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Malden Catholic High School

From Wikipedia, the free encyclopedia

Malden Catholic High School
Address
99 Crystal Street

,
Coordinates42°25′37″N 71°02′49″W / 42.427°N 71.047°W / 42.427; -71.047
Information
TypePrivate
MottoPlus Ultra
(More Beyond)
Religious affiliation(s)Roman Catholic
Established1932
HeadmasterJohn Thornburg [1]
Grades912
Campus typeUrban
Color(s)Blue and Gold         
NicknameLancers
AccreditationNEASC[2]
NewspaperCrystal 99
YearbookThe Lance
Tuition$16,500 (2018-2019)
AffiliationXaverian Brothers Sponsored Schools
Website

Malden Catholic High School is a private, Catholic secondary school located in Malden, Massachusetts. The school was founded by the Congregation of the Brothers of St. Francis Xavier, an international congregation of religious brothers. It is a member of the Xaverian Brothers Sponsored Schools[3] and the National Catholic Educational Association.[4]

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Transcription

Contents

History

Highland Ave. (1932–1968)

In 1932 work began on the "Boys' Catholic High School" on Highland Avenue in Malden, near the Immaculate Conception School. The project was established by Richard Neagle, pastor of the Immaculate Conception Parish in Malden, Massachusetts. The school opened in 1936, with Brother Gilbert as headmaster. The school educated boys from Malden and greater Boston cities and towns such as Somerville, Medford, Melrose, Charlestown and Everett. The school competed in football (playing home games at Brother Gilbert Stadium), hockey and other sports.

The school closed in 1968, having had seven headmasters.[5] After 1968 the building became a junior high school for the Immaculate Conception School. The lab classrooms were used by Girls Catholic High School, (the sister school to Boys' Catholic) until 1992, when that school closed. While both schools were open, because of their close proximity, and conservative administration, the boys were released from school earlier than the girls so they would not converge in the neighborhood at the same time. Immaculate Conception School closed its doors in 2006 after 125 years.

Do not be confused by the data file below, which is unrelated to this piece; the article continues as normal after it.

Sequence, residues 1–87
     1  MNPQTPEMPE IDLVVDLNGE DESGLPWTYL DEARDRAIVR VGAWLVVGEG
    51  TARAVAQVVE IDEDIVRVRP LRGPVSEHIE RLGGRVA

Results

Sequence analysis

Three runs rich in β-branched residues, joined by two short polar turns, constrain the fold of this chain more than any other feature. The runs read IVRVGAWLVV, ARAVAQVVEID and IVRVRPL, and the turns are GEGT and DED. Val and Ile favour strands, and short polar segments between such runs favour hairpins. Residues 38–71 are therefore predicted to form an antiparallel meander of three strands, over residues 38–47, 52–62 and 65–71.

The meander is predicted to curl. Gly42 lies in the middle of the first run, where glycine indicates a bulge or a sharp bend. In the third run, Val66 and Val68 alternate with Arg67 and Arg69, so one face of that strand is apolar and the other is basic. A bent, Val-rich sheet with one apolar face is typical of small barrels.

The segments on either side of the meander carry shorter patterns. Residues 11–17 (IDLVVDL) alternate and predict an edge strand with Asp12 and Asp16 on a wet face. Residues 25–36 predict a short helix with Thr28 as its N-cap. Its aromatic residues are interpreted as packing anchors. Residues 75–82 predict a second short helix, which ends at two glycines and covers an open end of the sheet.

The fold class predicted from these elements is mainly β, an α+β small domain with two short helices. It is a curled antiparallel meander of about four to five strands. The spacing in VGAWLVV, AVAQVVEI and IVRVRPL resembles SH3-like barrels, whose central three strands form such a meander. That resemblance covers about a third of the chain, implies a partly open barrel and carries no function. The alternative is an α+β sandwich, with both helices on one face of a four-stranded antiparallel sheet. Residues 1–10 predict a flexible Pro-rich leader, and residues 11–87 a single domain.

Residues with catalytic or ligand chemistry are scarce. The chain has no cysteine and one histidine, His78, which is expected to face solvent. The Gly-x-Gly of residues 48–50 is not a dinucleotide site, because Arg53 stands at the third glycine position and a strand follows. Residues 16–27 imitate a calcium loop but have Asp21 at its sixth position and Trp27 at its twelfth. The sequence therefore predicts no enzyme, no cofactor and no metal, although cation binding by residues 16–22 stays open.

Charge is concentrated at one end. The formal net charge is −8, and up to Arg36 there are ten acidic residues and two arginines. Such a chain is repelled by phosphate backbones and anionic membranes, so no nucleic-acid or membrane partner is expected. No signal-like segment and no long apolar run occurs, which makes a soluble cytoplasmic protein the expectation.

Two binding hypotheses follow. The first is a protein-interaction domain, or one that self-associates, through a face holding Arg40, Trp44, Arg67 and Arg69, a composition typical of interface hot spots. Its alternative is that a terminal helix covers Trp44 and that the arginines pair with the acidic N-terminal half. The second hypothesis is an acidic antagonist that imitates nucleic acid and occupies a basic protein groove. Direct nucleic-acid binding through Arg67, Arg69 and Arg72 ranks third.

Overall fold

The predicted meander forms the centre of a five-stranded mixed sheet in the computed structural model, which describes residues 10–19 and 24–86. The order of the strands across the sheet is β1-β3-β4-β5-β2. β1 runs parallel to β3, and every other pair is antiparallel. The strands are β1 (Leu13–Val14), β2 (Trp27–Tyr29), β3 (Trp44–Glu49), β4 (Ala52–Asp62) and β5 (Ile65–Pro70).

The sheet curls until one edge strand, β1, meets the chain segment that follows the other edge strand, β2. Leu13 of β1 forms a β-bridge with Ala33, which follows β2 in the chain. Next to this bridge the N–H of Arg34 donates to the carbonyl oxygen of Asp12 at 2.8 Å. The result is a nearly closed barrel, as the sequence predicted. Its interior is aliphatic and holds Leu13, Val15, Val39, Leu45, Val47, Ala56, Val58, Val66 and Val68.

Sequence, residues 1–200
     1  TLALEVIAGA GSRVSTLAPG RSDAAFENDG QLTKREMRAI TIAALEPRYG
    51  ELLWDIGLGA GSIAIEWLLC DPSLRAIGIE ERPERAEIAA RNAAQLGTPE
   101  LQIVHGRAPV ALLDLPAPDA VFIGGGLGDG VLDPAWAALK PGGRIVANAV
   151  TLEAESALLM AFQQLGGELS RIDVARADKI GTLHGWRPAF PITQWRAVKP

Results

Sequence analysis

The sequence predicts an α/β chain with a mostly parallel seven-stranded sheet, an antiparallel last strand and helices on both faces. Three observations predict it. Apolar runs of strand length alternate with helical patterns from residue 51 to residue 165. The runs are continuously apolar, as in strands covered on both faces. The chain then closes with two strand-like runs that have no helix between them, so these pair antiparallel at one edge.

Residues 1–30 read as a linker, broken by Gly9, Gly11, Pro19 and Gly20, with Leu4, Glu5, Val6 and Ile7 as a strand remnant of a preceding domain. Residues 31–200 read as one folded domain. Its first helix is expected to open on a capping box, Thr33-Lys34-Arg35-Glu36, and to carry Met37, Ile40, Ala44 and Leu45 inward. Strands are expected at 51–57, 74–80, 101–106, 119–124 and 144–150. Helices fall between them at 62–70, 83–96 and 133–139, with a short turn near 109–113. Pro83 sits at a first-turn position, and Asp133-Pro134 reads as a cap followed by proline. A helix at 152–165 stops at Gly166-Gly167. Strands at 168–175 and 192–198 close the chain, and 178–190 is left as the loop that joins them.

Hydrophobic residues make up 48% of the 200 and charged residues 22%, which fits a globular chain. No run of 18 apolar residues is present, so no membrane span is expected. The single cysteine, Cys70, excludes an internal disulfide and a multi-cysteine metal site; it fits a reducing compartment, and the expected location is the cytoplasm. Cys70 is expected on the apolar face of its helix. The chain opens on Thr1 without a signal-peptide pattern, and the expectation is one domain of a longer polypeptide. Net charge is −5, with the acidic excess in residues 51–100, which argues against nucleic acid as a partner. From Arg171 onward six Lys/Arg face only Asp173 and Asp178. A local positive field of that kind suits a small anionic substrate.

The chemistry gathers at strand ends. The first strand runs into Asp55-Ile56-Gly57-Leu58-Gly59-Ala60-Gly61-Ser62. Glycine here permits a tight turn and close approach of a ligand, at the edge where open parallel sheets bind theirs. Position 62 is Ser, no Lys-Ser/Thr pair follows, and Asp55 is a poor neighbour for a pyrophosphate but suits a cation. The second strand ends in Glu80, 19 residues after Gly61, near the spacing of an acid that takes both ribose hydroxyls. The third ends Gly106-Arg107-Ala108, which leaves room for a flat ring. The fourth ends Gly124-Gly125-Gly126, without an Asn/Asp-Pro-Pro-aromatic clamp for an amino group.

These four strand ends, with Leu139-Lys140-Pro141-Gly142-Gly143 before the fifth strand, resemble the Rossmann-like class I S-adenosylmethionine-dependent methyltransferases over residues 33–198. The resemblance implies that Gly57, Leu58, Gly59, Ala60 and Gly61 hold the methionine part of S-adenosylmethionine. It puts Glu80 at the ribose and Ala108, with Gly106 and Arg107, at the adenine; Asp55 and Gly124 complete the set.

Crystal St. (since 1968)

After the school closed, Richard Cushing, Cardinal Archbishop of the Archdiocese of Boston, requested that it be re-established. The Xaverian Brothers created a much larger, more regional high school on Crystal Street. The new two-story building included 30 classrooms, an auditorium, and a gymnasium.[5] The Archdiocese provided the funds to build the new complex, originally as a loan, but later made a gift by Cardinal Cushing.

In January 1999 U.S. News & World Report profiled the school in its examination of 96 "Outstanding American High Schools".[6] The school's first lay headmaster, Thomas Arria, Jr., took over in 2005.

In the early 21st century renovation was started on the Crystal Street complex, and a new sports field and cafeteria completed.

Athletics